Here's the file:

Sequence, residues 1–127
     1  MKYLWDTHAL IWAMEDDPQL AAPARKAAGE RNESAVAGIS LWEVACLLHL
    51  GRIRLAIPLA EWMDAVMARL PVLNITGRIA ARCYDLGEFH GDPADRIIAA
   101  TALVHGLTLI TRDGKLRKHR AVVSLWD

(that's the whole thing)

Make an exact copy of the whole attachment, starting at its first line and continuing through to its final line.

Sequence, residues 1–127
     1  MKYLWDTHAL IWAMEDDPQL AAPARKAAGE RNESAVAGIS LWEVACLLHL
    51  GRIRLAIPLA EWMDAVMARL PVLNITGRIA ARCYDLGEFH GDPADRIIAA
   101  TALVHGLTLI TRDGKLRKHR AVVSLWD